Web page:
Practical Guidance for Including Future Costs in Economic Evaluations in the Netherlands: Introducing and Applying PAID 3.0
Objectives: A consensus has been reached in The Netherlands that all future medical costs should be included in economic evaluations. Furthermore, internationally, there is the recognition that in countries that adopt a societal perspective estimates of future nonmedical consumption are relevant for decision makers as much as production gains are. The aims of this paper are twofold: (1) to update the tool Practical Application to Include Future Disease Costs (PAID 1.1), based on 2013 data, for the estimation of future unrelated medical costs and introduce future nonmedical consumption costs, further standardizing and facilitating the inclusion of future costs; and (2) to demonstrate how to use the tool in practice, showing the impact of including future unrelated medical costs and future nonmedical consumption in a case-study where a life is hypothetically saved at different ages and 2 additional cases where published studies are updated by including future costs. Methods: Using the latest published cost of illness data from the year 2017, we model future unrelated medical costs as a function of age, sex, and time to death, which varies per disease. The Household Survey from Centraal Bureau Statistiek is used to estimate future nonmedical consumption by age. Results: The updated incremental cost-effectiveness ratios (ICERs) from the case studies show that including future costs can have a substantial effect on the ICER, possibly affecting choices made by decision makers. Conclusion: This article improves upon previous work and provides the first tool for the inclusion of future nonmedical consumption in The Netherlands.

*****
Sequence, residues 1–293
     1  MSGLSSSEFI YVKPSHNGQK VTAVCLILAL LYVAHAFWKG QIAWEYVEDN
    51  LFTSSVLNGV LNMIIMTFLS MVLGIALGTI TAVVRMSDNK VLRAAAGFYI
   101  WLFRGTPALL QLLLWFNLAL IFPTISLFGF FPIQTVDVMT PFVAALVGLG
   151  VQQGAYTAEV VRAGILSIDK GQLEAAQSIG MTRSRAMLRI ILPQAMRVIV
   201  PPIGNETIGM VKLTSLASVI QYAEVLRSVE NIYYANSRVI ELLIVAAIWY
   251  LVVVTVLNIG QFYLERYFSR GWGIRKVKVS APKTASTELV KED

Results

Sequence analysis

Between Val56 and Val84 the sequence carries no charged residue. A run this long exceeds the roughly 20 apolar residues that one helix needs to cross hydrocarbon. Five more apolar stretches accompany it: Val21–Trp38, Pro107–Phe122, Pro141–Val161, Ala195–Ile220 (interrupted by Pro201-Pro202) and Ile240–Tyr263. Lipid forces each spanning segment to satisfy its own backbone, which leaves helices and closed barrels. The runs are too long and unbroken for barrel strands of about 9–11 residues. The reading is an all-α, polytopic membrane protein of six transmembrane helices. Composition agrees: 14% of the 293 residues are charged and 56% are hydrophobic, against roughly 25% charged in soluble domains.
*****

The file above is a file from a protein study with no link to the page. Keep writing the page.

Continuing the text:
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|Value in Health
|Erasmus School of Health Policy & Management (ESHPM)
Kellerborg, K.M., Perry-Duxbury, M., de Vries, L., & van Baal, P. (2020). Practical Guidance for Including Future Costs in Economic Evaluations in the Netherlands: Introducing and Applying PAID 3.0. Value in Health. doi:10.1016/j.jval.2020.07.004